The good news is depending on where in Canada you host your fulfillment services, these fees may not make much of an impact on your overall cost.
International Delivery Times
Another consideration when deciding to expand your fulfillment center to Canada is delivery times. Because goods to Canada must go through customs, there could be delays in delivery times crossing the border. This significantly impacts individual orders that are sent from the US and can cause intense friction with customers as their orders are delayed during this process. There can also be delays as shipped goods switch postal services from Canada Post to the United States Postal Service or vice versa so take that into consideration as well. On the other hand, if you ship a bulk inventory of goods into a Canadian warehouse, outbound orders to individual customers won’t have to clear customs, and therefore will arrive much quicker, increasing customer satisfaction.
The Best Fulfillment Centers in Canada
The next question you must ask yourself when considering hosting your fulfillment center in Canada is, ‘where are the best fulfillment centers in Canada for me, and how do you find them?’
The answer is not so simple, as you must do your homework here. Canada is a vast country with multiple population centers spread throughout a large area. Where your product is produced and where it will enter Canada will also dictate any preferred warehouse locations. Furthermore, the location of your customers will have a large impact on this decision as well. Using any sales data that you have from previous sales will help narrow down the largest markets for your products.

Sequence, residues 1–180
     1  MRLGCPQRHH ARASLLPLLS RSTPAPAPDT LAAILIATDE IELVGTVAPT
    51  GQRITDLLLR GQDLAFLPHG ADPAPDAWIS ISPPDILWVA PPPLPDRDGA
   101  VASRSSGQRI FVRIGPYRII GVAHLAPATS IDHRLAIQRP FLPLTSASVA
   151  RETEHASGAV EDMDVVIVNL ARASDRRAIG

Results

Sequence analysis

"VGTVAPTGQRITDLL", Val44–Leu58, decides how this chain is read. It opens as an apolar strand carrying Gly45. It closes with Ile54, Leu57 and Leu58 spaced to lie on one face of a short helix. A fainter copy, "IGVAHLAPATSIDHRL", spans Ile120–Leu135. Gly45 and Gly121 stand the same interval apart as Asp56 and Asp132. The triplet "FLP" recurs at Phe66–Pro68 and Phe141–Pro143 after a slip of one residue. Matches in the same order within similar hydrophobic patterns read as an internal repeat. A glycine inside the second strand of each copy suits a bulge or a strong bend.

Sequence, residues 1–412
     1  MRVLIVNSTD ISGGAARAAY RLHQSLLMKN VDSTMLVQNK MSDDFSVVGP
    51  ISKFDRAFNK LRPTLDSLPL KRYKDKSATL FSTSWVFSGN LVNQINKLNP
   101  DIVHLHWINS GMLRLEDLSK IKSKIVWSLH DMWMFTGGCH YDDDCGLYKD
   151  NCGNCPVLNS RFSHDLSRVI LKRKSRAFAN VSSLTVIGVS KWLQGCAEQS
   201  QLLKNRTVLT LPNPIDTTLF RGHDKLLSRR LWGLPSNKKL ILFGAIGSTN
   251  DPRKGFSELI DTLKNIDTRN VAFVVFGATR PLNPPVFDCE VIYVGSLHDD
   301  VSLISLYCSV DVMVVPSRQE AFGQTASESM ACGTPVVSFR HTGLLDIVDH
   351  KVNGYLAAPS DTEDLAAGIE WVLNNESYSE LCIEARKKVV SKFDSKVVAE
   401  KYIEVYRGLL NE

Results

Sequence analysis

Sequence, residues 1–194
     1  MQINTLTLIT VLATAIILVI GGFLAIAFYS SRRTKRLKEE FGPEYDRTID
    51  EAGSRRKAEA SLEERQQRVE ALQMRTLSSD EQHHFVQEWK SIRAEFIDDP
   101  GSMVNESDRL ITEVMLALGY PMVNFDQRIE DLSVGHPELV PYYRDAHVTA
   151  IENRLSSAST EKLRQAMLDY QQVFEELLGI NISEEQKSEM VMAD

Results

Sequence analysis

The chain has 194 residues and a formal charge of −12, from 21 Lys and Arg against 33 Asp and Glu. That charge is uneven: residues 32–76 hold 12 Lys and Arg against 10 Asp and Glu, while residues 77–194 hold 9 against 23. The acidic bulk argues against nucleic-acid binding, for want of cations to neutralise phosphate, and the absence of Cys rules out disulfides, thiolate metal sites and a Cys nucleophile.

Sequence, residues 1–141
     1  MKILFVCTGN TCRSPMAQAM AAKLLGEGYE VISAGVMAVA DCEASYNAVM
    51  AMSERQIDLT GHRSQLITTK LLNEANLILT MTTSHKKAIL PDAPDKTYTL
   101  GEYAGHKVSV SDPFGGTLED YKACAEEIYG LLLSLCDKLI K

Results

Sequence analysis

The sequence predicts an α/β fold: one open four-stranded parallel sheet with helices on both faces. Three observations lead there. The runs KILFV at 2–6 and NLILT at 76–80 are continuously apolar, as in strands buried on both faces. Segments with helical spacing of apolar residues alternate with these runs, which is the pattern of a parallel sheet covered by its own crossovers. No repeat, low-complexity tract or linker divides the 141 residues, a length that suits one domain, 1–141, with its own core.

Major Markets in Canada
The most significant markets in Canada include major cities like Vancouver, British Columbia, Alberta, Montreal, Quebec, Mississauga, and Toronto, Ontario. Depending on how close your fulfillment center is to a major city may affect your warehousing rates, so if you are budget conscious, consider hosting a bit outside the major markets. Furthermore, weighing the costs and benefits of bringing product into a larger population area such at Toronto (which may cost more in terms of inbound freight) versus bringing product into a closer port such as Vancouver (but potentially incurring higher outbound shipping costs per order to other areas of Canada) is critical in this analysis.
Best Fulfillment Centers in Toronto and the Greater Toronto Area (GTA)
Many businesses have found great savings and success expanding their fulfillment into Toronto, Ontario, or the Greater Toronto area. The GTA offers cost savings, as well as streamlined customs processes at the United States / Ontario Border. Furthermore, the population base is higher in this area, and it is close in proximity to other major Canadian markets such as Quebec and Ottawa. And on top of this, there are an abundance of high quality Toronto area fulfillment centers.
The major metropolitan areas in the GTA include the following:
Mississauga is a suburb of Toronto situated along Lake Ontario. The city offers the benefits of being close to Toronto but may offer lower costs on warehousing and fulfillment due to its location.
Under an hour’s drive to Toronto is the city of Hamilton, Ontario. Like Mississauga, Hamilton benefits from its proximity to Toronto without the big city overhead.
Toronto is the largest city in Ontario and the largest in the entire country of Canada, so fulfillment centers are not only abundant in Toronto and the GTA, they offer the benefit of strategic location with access to roads, air, and the Port of Toronto, a gateway to the St. Lawrence Seaway and the rest of the world.
Making Your Best Decision for a Canadian Warehousing and Fulfillment Location
It makes sense to start by analyzing your supply chain and to discover where most of your product is flowing to. The key to a successful and efficient supply chain is to consider the following questions: